The experience across all denominations shows how critical establishing new congregations is to reaching new populations. The United Church of Christ (UCC) has embarked on an ambitious effort to start new congregations to increase their presence and witness among the growing populations in the United States.
Despite recent high numbers of new church starts, there will need to be higher levels of such starts to show growth.
Some research into their past efforts is helping inform their future directions. In a report studying UCC new church starts over the past fifty years (1957- 2006), researchers found that 1139 new congregations joined UCC (new church starts and congregations affiliating with UCC) with 824 or 72 percent still active today. The survival rate is comparable to that of other denominations. Some other findings and conclusions include:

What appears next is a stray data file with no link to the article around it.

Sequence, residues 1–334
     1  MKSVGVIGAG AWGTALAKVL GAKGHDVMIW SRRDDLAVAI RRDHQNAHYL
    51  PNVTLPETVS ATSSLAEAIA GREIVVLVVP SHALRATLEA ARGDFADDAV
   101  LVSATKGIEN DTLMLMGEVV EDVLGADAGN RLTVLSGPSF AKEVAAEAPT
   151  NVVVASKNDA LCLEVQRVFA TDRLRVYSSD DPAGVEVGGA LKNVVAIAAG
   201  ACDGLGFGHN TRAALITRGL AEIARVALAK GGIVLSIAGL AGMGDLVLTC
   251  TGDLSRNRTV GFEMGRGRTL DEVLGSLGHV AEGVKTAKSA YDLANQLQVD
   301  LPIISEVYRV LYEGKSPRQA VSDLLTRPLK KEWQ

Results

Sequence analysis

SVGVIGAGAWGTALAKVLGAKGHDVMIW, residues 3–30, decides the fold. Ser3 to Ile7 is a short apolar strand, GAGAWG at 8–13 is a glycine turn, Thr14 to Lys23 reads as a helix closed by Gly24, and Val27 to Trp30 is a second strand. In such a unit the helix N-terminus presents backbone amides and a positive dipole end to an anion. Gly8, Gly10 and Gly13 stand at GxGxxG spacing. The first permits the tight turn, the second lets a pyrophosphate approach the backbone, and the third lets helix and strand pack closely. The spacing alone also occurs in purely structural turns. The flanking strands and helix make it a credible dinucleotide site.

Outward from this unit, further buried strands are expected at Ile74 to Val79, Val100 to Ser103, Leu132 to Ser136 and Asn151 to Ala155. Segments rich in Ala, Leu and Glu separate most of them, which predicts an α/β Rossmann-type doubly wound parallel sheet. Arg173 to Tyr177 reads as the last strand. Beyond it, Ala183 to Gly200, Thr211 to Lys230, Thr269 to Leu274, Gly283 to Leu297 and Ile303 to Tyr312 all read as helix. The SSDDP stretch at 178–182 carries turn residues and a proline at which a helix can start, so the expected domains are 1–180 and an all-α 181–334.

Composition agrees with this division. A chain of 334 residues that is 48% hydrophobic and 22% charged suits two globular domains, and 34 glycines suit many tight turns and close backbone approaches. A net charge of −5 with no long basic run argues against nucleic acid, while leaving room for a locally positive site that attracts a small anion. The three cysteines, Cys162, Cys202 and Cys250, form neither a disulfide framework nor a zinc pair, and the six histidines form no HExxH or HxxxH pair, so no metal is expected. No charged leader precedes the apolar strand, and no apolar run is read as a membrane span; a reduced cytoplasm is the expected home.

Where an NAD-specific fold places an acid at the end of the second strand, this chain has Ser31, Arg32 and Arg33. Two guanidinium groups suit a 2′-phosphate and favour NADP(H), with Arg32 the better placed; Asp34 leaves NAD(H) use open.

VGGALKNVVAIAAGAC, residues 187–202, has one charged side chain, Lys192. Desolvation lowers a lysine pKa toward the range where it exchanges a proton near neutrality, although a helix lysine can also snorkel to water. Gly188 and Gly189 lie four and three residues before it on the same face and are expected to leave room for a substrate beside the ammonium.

- After years of declining new church starts, in the last ten years the number of new churches has reached the same high level as the 1950s.
- More than 70 percent of new congregations formed in the past ten years are comprised primarily of people of color, reversing the pattern of ethnicity found in churches started during the first ten years of the study period.
- Decline in membership and finances in the 1960s, 70s, and 80s can be seen as a result of the failure to begin new churches.
- Despite recent high numbers of new church starts, there will need to be higher levels of such starts to show growth.
- These higher new church start levels will require existing vital congregations to get excited by and involved in congregation multiplication.